- Title: Brexit the wrong fit for English fancy dress company
- Date: 9th December 2016
- Summary: WORKER PUSHING BOXES WHILE LISTENING TO CHRISTMAS MUSIC
- Embargoed: 24th December 2016 13:11
- Keywords: Brexit Smiffys Britain Holland EU Single Market Costume Fancy Dress Gainsborough
- Location: GAINSBOROUGH, LINCOLNSHIRE, ENGLAND, UNITED KINGDOM
- City: GAINSBOROUGH, LINCOLNSHIRE, ENGLAND, UNITED KINGDOM
- Country: United Kingdom
- Reuters ID: LVA0025C5XKQV
- Aspect Ratio: 16:9
- Story Text: With Christmas music blaring, staff at English fancy dress company Smiffys are stuffing elf outfits and Santa Claus suits into boxes to send to clients across Europe.
Before long, the headquarters of the 122-year-old family business will be heading to the Netherlands too - a sign of how uncertainty over Britain's exit from the European Union is forcing some companies to rethink their plans.
The company, based in Lincolnshire, central England, says it has been badly hit by the fall of the pound since Britons voted for Brexit in June, because it imports most of its products from manufacturers in China.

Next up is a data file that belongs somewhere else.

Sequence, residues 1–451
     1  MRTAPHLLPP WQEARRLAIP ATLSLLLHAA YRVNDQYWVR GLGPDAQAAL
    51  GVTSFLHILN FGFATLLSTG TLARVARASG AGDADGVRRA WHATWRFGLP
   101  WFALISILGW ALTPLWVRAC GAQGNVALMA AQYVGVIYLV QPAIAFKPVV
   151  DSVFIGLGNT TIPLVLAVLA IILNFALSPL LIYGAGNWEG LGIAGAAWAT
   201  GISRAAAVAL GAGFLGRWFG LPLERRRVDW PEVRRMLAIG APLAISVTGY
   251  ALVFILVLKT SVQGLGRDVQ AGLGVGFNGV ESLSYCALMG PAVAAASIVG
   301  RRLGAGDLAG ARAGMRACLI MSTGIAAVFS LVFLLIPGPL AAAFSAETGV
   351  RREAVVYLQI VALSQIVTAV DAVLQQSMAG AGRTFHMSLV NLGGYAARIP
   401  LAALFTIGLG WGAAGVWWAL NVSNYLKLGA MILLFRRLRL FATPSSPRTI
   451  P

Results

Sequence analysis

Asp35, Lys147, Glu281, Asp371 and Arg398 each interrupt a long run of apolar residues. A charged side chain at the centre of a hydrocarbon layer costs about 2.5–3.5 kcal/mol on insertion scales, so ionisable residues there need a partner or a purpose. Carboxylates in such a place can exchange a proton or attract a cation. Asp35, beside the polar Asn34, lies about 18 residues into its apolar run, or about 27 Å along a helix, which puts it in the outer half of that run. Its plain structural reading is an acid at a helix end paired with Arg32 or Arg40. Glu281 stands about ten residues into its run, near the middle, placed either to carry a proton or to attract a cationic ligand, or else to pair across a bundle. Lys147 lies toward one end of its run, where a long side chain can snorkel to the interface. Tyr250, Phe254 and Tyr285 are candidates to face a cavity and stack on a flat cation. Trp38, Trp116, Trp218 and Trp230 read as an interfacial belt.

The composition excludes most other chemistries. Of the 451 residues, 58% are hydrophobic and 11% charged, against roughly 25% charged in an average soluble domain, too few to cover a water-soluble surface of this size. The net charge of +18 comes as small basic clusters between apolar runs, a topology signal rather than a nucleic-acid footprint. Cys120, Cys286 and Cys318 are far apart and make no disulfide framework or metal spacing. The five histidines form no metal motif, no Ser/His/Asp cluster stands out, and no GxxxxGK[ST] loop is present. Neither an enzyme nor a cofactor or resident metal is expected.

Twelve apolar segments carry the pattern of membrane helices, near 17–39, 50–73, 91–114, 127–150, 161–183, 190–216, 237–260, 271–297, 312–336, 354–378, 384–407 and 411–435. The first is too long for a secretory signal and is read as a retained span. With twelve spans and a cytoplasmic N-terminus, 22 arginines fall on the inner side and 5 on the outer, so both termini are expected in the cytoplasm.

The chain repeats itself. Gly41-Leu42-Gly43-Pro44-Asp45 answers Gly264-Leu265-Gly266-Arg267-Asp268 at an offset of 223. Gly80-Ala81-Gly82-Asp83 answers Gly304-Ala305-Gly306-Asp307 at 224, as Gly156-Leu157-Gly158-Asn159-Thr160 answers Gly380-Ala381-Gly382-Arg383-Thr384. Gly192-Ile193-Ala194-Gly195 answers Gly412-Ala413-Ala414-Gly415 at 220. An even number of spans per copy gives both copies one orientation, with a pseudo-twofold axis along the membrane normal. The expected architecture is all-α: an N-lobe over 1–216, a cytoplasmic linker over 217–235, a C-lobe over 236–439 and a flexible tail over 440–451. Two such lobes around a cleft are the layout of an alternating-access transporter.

Smiffys says it exports to 42 countries and has an annual turnover of 56 million pounds ($70.5 million).
The company is also concerned about the lack of clarity on when Britain will trigger the divorce process from the EU and whether companies will be able to access the bloc's tariff-free single market post-Brexit.
"We cannot afford to wait on a wing and a prayer for the government to negotiate something," said Director Elliott Peckett. "If there are no deals in place prior to us pulling out then we will be faced with exporting 30-40 percent of our sales to Europe, which will carry a tariff that will make us uncompetitive."
He declined to say when the firm would shift its base to the Netherlands. It is also opening a distribution site in Germany next week, and has offices in Australia and the United States.
Smiffys currently employs dozens of non-British EU nationals among its 250 staff in the UK, and Peckett complained at the lack of clarity from members of parliament or the government about whether they would have the right to stay.
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